In practice it is perfectly do-able to run the narrower, shorter and 10g lighter Pro over a 28mm tyre without rubbing. You might need to bend the steel stays out a wee bit, but that's been a common tweak of the classic SKS Raceblade Long full-cover mudguard for years.
The Pro is available in silver, black or 'carbon look', the Pro XL (below) in just silver or black.
Over a month or so of short, long, dry and soaking wet rides on old steel and new carbon bikes, both the Pro and Pro XL worked flawlessly. They hang on tenaciously, don't move of their own accord, and are easily adjusted back into place if knocked.
The quick and simple adjustability makes for long-term cost-effectiveness, without the frustration or time re-bending difficult steel stays. And the new rubber strap design is fast, faff-free and can't get lost, unlike the old double-strap design.
All in all this is an exemplary update to an already venerable product. Well worth the wait – and the 40 quid price tag.
Since this review, the RRP has gone up to £44.99, and another sibling has joined the Raceblade family: the Pro XL Stealth – the colour is the main difference, the other is the price – £49.99, due to the specialist painting costs involved.
A winning redesign – you'll be clean and dry for decades to come
If you're thinking of buying this product using a cashback deal why not use the road.cc Top Cashback page and get some top cashback while helping to support your favourite independent cycling website
road.cc test report
Make and model: SKS Raceblade Pro/Pro XL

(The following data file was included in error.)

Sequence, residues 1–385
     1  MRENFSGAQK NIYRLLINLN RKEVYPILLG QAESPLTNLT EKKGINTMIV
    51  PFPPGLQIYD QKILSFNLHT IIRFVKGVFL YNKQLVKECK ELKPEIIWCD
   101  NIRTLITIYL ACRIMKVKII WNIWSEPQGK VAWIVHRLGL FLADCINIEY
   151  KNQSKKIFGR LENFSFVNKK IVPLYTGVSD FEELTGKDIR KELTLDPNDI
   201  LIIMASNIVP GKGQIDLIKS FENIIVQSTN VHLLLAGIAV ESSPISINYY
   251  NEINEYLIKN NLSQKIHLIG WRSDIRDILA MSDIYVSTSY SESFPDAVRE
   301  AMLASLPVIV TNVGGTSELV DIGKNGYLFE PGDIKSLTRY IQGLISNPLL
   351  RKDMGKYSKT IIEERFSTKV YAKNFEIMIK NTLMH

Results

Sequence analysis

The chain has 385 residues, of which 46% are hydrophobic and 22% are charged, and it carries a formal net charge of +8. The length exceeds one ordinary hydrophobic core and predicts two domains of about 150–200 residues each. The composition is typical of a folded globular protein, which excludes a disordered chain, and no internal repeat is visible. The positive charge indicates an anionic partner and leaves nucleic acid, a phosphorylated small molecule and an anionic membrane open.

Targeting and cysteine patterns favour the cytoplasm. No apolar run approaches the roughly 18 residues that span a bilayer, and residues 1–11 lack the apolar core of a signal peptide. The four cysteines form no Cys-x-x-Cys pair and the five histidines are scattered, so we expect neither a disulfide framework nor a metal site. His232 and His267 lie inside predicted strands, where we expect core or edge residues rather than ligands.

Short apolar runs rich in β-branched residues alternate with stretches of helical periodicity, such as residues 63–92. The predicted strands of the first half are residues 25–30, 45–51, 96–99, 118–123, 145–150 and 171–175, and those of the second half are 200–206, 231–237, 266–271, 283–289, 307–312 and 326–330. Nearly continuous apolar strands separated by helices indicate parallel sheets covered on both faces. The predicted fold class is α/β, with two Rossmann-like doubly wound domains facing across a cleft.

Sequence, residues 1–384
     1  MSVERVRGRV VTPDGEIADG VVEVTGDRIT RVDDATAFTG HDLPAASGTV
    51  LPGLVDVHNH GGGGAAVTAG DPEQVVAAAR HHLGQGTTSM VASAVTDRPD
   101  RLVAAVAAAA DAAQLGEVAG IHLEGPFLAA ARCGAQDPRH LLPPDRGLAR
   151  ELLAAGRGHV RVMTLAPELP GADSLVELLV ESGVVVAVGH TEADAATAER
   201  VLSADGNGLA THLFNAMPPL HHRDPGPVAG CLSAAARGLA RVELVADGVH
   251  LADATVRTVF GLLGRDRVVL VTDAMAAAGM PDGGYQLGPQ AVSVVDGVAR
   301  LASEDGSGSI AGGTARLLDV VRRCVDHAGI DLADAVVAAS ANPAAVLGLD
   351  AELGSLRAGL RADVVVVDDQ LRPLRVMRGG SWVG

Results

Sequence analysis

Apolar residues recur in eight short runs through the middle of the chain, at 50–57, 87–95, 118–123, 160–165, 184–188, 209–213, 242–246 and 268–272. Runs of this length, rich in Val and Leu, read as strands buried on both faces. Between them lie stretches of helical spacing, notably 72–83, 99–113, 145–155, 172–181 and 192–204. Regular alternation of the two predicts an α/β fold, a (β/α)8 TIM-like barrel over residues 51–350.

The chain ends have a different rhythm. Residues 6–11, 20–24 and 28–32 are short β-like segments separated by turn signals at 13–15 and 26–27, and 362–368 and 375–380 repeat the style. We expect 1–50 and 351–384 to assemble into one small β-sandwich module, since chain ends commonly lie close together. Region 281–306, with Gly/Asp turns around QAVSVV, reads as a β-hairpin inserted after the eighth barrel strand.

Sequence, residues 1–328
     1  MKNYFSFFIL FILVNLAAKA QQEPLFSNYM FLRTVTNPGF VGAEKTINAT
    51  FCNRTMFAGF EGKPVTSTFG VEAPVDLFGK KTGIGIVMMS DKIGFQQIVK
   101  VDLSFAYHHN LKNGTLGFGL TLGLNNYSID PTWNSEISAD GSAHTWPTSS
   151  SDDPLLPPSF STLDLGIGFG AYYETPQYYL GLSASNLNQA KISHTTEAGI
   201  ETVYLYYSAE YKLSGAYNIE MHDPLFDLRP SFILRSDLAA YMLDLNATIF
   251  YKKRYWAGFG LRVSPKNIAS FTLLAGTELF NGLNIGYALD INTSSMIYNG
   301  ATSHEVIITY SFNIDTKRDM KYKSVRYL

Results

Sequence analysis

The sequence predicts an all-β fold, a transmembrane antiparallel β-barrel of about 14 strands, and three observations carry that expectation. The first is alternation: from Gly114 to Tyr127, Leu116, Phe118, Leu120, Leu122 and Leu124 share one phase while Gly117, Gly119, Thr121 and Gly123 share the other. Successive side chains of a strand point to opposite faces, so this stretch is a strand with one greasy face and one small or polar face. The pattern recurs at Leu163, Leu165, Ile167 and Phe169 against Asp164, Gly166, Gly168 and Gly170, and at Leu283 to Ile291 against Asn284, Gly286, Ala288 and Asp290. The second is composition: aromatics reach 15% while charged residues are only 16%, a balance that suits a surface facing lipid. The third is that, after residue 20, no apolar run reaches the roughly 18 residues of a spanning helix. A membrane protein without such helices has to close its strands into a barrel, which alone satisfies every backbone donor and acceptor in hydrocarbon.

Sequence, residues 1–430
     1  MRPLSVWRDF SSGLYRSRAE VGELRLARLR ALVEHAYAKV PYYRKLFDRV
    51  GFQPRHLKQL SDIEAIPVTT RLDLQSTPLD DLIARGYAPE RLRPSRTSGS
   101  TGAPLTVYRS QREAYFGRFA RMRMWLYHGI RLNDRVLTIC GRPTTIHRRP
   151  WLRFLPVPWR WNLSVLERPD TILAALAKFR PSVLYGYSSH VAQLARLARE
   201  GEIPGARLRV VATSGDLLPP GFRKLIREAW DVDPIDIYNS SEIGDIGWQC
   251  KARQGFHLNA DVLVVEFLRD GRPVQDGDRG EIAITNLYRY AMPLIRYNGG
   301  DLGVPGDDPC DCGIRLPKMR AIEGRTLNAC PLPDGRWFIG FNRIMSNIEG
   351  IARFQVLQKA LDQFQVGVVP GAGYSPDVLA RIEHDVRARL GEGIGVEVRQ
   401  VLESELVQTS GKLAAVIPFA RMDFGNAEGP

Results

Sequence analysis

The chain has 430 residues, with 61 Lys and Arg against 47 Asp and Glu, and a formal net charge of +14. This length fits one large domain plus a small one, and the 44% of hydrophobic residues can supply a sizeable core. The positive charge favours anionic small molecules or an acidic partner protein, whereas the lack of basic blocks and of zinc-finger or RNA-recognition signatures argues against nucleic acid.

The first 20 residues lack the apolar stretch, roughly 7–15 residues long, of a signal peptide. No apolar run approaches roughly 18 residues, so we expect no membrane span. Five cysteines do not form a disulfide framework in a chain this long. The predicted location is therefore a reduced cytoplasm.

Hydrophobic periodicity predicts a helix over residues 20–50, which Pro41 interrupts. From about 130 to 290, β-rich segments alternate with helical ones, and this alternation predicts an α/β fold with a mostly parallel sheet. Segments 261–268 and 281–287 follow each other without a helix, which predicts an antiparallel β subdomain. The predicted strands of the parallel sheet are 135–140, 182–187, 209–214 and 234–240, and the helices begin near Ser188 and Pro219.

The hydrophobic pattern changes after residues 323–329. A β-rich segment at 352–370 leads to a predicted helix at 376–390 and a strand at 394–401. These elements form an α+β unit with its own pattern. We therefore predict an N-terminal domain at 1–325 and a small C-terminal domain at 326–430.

Size tested: Pro: 700x23-25 Pro XL: 700x25-32
Tell us what the product is for, and who it's aimed at. What do the manufacturers say about it? How does that compare to your own feelings about it?
For people who don't want to or can't fit fixed mudguards, but don't want to get wet or filthy.
SKS says: "The ultimate clip-on mudguard set for road and cyclocross bikes for tyre width between 25 and 32mm. Its smart, double hinged quick release fitting system also fits aero forks and is also compatible with disc brakes, direct mount brakes and thru axles. Mudguards can be perfectly adapted to the radius of the wheel by adjusting the length of the stays. Its superlight extra long mud flaps give additional spray protection. In addition to using the quick release rubber straps it can also be fixed in place with zip ties. Includes adhesive protection kit to avoid damaging the paintwork. * Disc brake compatible: Please be mindful of the brake wire."
Tell us some more about the technical aspects of the product?
weight: 365 g
wheel size: 28 "
length front fender: 565 mm
length rear fender: 730 mm
available from: January 2016
weight: 355 g
wheel size: 28 "
tyre width: 25 mm
length front fender: 519 mm
length rear fender: 680 mm
available from: January 2016
For what they do, the level of performance, they are excellent. But £40 is a lot of cash.
Tell us how the product performed overall when used for its designed purpose
Excellent. Didn't move or make a sound over 200km of rough, fast riding.
Tell us what you particularly liked about the product
The hinges. It's all about the hinges.
Tell us what you particularly disliked about the product
Did you enjoy using the product? Yes
Would you consider buying the product? Yes
Would you recommend the product to a friend? Yes
Use this box to explain your score
For many, £40 will come across as a lot of cash for temporary mudguards, but the design works perfectly and there's very little else to mark them down on.
About the tester
I usually ride: Merida Ride 5000 Disc My best bike is:
I've been riding for: Over 20 years I ride: A few times a week I would class myself as: Expert
I regularly do the following types of riding: cyclo-cross, club rides, general fitness riding, mountain biking, Dutch bike pootling